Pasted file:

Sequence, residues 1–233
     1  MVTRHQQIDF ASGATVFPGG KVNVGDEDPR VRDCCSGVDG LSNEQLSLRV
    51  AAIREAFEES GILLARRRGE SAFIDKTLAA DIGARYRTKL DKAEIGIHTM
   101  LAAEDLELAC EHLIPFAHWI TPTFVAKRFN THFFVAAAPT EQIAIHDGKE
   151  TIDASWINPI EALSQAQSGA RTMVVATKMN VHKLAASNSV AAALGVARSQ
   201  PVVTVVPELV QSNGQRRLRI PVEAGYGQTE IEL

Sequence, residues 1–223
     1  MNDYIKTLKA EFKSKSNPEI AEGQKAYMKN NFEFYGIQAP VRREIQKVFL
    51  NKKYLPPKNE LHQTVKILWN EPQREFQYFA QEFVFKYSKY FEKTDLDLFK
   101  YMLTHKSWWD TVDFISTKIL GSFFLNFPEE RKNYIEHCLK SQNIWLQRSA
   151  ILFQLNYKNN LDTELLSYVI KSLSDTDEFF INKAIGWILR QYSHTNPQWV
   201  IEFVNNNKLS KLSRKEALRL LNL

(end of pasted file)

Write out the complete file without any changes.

Sequence, residues 1–233
     1  MVTRHQQIDF ASGATVFPGG KVNVGDEDPR VRDCCSGVDG LSNEQLSLRV
    51  AAIREAFEES GILLARRRGE SAFIDKTLAA DIGARYRTKL DKAEIGIHTM
   101  LAAEDLELAC EHLIPFAHWI TPTFVAKRFN THFFVAAAPT EQIAIHDGKE
   151  TIDASWINPI EALSQAQSGA RTMVVATKMN VHKLAASNSV AAALGVARSQ
   201  PVVTVVPELV QSNGQRRLRI PVEAGYGQTE IEL

Sequence, residues 1–223
     1  MNDYIKTLKA EFKSKSNPEI AEGQKAYMKN NFEFYGIQAP VRREIQKVFL
    51  NKKYLPPKNE LHQTVKILWN EPQREFQYFA QEFVFKYSKY FEKTDLDLFK
   101  YMLTHKSWWD TVDFISTKIL GSFFLNFPEE RKNYIEHCLK SQNIWLQRSA
   151  ILFQLNYKNN LDTELLSYVI KSLSDTDEFF INKAIGWILR QYSHTNPQWV
   201  IEFVNNNKLS KLSRKEALRL LNL